That shortfall coincided with plummeting markets in China, where circuit breakers halted trading on exchanges on Monday and Thursday. While the mechanism was intended to avert panic selling, it sent shockwaves through global markets. “What the central bank there is trying to do is engineer a soft landing," said Dan Veru, chief investment officer at Palisades Capital Management.
Reports of cutbacks and sales shortfalls surged through Apple’s supply chain in China and other parts of Asia last week amid murmurs of lower demand for the iPhone 6S and 6S Plus. Foxconn, one of Apple’s largest iPhone assemblers, saw its revenue in December fall by 20 percent. Apple is also expected to cut back parts orders by 30 percent during the first quarter of this year to give vendors time to clear out inventory, according to Japan's Nikkei.
Wall Street analysts have responded in kind, with many revising their 2016 iPhone unit estimates to come in anywhere between 210 million and 218 million units, a 6 to 9 percent drop compared to the 231 million units produced in Apple’s 2015 fiscal year. Those forecasts, if correct, could mark the first year-over-year decline in unit sales for the flagship smartphone.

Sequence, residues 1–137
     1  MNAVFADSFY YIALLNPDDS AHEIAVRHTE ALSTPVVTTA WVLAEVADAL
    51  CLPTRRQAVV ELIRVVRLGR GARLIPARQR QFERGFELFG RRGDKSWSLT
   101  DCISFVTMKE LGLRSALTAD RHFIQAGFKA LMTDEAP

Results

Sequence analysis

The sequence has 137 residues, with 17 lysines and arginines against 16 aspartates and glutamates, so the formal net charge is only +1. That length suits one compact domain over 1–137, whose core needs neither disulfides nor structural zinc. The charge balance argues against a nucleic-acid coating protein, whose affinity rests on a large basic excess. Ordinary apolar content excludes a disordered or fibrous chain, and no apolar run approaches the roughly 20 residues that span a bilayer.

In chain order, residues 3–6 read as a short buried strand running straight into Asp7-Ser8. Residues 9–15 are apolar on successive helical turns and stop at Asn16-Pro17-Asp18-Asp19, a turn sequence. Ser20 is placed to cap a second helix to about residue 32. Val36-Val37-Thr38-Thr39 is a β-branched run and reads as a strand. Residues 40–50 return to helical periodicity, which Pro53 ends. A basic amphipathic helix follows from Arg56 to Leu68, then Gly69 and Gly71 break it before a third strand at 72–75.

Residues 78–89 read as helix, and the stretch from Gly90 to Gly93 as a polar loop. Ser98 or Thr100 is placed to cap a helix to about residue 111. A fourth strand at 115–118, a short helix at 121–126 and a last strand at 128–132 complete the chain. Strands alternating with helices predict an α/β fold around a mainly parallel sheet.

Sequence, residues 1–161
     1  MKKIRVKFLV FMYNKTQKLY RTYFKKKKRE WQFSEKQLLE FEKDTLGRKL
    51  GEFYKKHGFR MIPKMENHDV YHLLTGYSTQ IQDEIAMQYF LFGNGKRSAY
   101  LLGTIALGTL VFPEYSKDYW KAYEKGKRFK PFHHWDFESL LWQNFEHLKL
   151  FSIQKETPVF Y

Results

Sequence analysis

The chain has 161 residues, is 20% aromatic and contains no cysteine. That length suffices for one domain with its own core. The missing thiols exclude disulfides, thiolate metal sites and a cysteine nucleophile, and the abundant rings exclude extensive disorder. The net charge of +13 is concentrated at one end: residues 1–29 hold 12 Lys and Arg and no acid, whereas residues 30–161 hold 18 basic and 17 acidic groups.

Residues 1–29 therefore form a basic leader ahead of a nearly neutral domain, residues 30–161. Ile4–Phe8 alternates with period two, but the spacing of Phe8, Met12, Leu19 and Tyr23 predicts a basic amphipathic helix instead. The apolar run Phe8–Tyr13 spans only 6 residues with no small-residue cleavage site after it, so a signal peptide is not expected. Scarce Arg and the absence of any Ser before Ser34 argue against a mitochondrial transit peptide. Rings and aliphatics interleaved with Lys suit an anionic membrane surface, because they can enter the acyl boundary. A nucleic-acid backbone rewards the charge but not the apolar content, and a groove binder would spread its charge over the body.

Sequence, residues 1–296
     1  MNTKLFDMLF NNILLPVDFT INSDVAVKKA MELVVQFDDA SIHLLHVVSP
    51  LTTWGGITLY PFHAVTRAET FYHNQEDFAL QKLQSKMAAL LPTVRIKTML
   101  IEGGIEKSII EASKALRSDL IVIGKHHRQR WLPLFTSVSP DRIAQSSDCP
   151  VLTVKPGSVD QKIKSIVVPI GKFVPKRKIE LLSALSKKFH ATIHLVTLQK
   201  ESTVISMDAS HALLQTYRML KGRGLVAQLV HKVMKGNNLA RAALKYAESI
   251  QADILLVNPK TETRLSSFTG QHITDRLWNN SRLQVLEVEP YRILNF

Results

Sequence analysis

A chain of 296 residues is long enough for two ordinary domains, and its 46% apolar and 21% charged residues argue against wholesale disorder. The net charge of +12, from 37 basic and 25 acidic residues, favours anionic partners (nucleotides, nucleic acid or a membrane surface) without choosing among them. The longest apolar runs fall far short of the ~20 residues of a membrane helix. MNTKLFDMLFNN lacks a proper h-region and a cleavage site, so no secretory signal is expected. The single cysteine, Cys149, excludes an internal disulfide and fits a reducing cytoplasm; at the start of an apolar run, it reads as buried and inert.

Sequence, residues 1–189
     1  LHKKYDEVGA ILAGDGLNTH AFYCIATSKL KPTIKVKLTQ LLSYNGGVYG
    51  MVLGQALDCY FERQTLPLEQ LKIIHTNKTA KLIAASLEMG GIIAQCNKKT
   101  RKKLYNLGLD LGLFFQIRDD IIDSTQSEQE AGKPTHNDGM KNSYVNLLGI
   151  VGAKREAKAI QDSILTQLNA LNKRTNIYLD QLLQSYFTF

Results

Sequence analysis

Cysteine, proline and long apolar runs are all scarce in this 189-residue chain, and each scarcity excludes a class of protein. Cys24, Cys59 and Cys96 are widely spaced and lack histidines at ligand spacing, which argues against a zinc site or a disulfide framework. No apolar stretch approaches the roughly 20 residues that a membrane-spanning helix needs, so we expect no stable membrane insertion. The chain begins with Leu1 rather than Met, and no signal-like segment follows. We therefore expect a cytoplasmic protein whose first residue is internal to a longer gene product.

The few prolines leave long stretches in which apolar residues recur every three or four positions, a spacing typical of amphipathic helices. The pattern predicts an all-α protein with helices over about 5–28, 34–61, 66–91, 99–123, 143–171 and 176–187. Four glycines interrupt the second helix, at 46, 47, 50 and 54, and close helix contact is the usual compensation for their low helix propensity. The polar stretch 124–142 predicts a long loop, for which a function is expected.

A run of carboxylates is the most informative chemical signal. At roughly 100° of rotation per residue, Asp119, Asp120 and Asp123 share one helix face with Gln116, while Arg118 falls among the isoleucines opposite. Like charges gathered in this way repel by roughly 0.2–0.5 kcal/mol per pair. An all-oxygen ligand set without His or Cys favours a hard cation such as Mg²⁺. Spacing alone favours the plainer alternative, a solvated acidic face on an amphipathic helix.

It’s part of a larger trend in the global smartphone market, which is expected to slow to 9.8 percent growth for a total of 1.43 billion units in 2015, down from 27.6 percent growth in 2014, largely driven by a slowing Chinese economy, according to IDC. This leaves smartphone vendors to fight over existing market share in the country.
Put it all together and in the short term you have the perfect storm. The narrative on Apple has “gone from glass half-full to glass half-empty around China because of what has happened with iPhone 6S demand,” said Daniel Ives, senior analyst at FBR Capital Markets. New products like the Apple Watch have also failed to catch on as quickly as investors initially hoped, and its rumored TV streaming service, not to be confused with the app-centric Apple TV, is nowhere to be found.